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Bike Fixation unveils add-on Bicycle Access Ramp to easily roll up stairs

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Maybe you’ve seen a Bicycle Access Ramp, or ‘runnel’ as they’re sometimes called in your city. The shallow troughs that run alongside urban staircases are meant to provide an easy way for cyclists to roll their bikes up or down. But they’re often built into the concrete structure itself, which makes them more expensive and not easily retrofittable.

Bike Fixation unveils add-on Bicycle Access Ramp to easily roll up stairs

That’s where the new Bike Fixation Bicycle Access Ramp comes into play. The latest product to come out of the Saris factory, the Bicycle Access Ramp is a modular, customizeable solution to fitting any stair case – no matter what the rise or run. Whether it’s used by those who simply can’t physically lift their bike to get up the stairs, or cyclists in a hurry, runnels can be a useful addition to a city’s infrastructure.

Made from thick walled aluminum with stainless steel mounting feet, the Bike Fixation model includes anti-roll out sides which will keep the bike in the trough. It also includes grip tape along the bottom with pictures of bicycles to indicate what it’s supposed to be used for – don’t laugh, I’ve seen plenty of experienced cyclists who were oblivious to runnels in our city. The trough will also fit tires up to 5″ making it fat bike friendly.

The design of the Bicycle Access Ramp allows property owners to install the ramps on old or new stair cases, and the made in the U.S. product should stand the test of time. For pricing, potential buyers should request a quote from Bike Fixation.

bikefixation.com

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Mike W
Mike W
6 years ago

If it was just a little wider you could ride up it instead of walking.

ChknBreast
ChknBreast
6 years ago
Reply to  Mike W

Totally. I bet they will be mounted too close to walls/railings for your bars to clear.

Bob
Bob
6 years ago

these must be designed for all those physically challenged or really old people and their brand new E-motorcycles. would it not be easier to just pick up the bike and carry it, or at a minimum, pick up the front tire and let the back just roll up the steps?

453654345
453654345
6 years ago
Reply to  Bob

No, this would be easier than all the things mentioned. Still not something that people want.

Bob2
Bob2
6 years ago
Reply to  Bob

@Bob: Commuters and other people with loaded bikes really appreciate these ramps! If you’re headed in to work with loaded bags, it’s not fun to carry the bike up stairs, even though it’s definitely possible to do so. These ramps make it much easier to use bikes for more than just recreation.

Susan
Susan
2 years ago
Reply to  Bob

My bike weighs 65 pounds it’s an electric pedal bike and I’m almost 60 this ramp would be a life saver

Ryan S.
Ryan S.
6 years ago

Seems more of a hazard to non-cyclists, and a lawsuit waiting to happen. I could easily see somebody tripping, falling, twisting an ankle, etc., etc., etc.

JBikes
JBikes
6 years ago
Reply to  Ryan S.

There should be a small raised “curb” at the top as well as one just inside of the runnel, painted yellow to alert people that this section is not part of the staircase. If you keep walking, I think your injuries should be on you (not that some 1diot won’t file one).
Also, the ones I’ve seen are mounted where the stairs are converted to a ramp, either when made, or by metal sheeting so there is no confusion that this isn’t a walking area.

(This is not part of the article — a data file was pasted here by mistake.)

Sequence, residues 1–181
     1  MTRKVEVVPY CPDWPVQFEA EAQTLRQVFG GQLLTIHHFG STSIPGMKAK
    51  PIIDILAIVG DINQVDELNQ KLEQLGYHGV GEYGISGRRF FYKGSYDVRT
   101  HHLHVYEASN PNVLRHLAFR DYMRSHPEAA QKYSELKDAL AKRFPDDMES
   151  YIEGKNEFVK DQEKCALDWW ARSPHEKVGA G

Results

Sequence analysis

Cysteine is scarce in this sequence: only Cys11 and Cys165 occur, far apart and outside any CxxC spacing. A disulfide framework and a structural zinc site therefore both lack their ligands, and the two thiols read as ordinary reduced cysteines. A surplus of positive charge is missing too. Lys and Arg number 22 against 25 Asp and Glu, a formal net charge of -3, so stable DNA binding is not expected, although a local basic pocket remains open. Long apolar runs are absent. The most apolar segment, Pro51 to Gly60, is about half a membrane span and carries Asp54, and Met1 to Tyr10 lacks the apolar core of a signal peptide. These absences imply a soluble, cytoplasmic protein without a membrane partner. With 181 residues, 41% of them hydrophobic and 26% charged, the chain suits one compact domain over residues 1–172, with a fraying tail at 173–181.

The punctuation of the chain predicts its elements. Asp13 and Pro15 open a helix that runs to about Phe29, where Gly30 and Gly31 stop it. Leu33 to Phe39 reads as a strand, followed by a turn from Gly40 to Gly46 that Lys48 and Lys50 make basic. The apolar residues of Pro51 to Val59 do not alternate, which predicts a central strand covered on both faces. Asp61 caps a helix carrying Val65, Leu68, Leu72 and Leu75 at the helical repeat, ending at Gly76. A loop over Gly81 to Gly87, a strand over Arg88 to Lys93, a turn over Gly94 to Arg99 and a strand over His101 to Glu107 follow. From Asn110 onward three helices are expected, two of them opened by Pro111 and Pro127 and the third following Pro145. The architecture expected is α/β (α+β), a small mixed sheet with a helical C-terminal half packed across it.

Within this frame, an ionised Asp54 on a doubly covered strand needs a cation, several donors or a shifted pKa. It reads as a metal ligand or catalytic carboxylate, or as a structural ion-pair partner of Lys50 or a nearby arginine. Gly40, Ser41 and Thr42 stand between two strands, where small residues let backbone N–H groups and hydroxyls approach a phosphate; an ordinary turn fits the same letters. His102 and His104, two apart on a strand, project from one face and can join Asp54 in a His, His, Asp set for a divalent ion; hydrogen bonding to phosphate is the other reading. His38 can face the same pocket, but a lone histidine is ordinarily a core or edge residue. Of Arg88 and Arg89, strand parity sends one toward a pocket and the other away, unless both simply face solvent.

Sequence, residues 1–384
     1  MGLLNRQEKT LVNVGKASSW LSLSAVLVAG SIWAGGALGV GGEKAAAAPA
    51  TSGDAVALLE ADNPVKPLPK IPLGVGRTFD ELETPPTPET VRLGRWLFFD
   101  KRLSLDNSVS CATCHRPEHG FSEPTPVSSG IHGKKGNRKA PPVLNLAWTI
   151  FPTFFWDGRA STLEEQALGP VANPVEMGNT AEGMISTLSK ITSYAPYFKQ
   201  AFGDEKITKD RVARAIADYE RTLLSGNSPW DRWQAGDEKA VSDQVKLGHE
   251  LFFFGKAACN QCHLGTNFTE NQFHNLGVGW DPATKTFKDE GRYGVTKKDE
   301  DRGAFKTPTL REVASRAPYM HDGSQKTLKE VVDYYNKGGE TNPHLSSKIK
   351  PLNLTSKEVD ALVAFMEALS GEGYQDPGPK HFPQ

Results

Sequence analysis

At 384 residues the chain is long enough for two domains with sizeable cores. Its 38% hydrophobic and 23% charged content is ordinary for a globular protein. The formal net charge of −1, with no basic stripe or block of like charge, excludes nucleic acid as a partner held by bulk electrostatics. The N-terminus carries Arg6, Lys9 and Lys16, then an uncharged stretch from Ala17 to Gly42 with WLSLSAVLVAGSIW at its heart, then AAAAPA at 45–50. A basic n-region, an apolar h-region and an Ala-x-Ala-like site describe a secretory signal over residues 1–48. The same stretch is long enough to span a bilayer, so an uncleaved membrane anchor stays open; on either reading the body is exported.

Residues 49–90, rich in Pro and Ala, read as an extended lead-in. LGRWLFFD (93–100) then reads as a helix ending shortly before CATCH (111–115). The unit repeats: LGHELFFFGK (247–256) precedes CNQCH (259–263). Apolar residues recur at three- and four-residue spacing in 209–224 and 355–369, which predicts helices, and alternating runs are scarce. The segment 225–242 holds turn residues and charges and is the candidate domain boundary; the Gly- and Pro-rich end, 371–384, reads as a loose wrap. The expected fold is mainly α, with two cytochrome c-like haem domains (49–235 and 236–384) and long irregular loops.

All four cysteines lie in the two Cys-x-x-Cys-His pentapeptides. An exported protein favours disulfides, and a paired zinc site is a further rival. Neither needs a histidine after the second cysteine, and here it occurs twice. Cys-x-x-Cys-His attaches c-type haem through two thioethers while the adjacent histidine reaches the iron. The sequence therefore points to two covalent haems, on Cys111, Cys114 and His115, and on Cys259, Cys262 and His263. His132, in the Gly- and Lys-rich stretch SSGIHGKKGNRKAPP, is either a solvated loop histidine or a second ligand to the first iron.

mudrock
mudrock
6 years ago

This is a great idea. Looks barely wide enough for fat bikes though.

Dylan
Dylan
6 years ago

For the hipster handyman?
This is an easy DIY. Pick up some steel channel or I-beam (you could buy new, or pick it up for next to nothing at your local scrap yard or craigslist/gumtree), half an hour tops with an angle grinder, a couple of hits with a sledge hammer, drill a couple of holes , dynabolt it to your stairs. Won’t look as pretty, but you could probably knock a 5 m long one up for $200 all-in, including buying the tools if you don’t already own them.

Eggs Benedict a.k.a Darth Baller
Eggs Benedict a.k.a Darth Baller
6 years ago
Reply to  Dylan

Or you could just get a 2×6 or 2 if it’s a long flight of stairs. Cut it to length, done. Probably less than $20. You may have to add feature to prevent it from sliding down, but that would pretty easy too.

Crash Bandicoot
Crash Bandicoot
6 years ago

My guess this is a product targeted towards large property management firms/municipalities who are not going to go a DIY route for a capital investment and will need effect marking to prevent lawsuits from those who accidentally step on the ramp.

Dylan
Dylan
6 years ago

The property management firms I know (at my office building, and my parents’ apartments) have regular tradesmen they use and will absolutely DIY. Municipalities have full time staff in their works department who do this sort of thing.

suede
suede
6 years ago

A couple 2×6’s in an L shape against the side of the stairs works better and is less obtrusive, bike shops with basements have known this trick for awhile.

Ettore
Ettore
6 years ago

I… Don’t understand.. We’ve had these retrofit ramps in the Netherlands for 25 years now, they’re everywhere. We even have motorized ramps that pull your bike up, whilst you walk alongside it… What is the innovation here?

slackers
slackers
6 years ago

Hey Ettore, ‘Merica!! That’s the answer.

JK though, good point, not that revolutionary if it already exists.

Mark
Mark
6 years ago

lol, this is basically at every staircase in Copenhagen since years.

Collin S
Collin S
6 years ago

I’m sure skate boarders will love these. They need to make sure it can take that kind of abuse.

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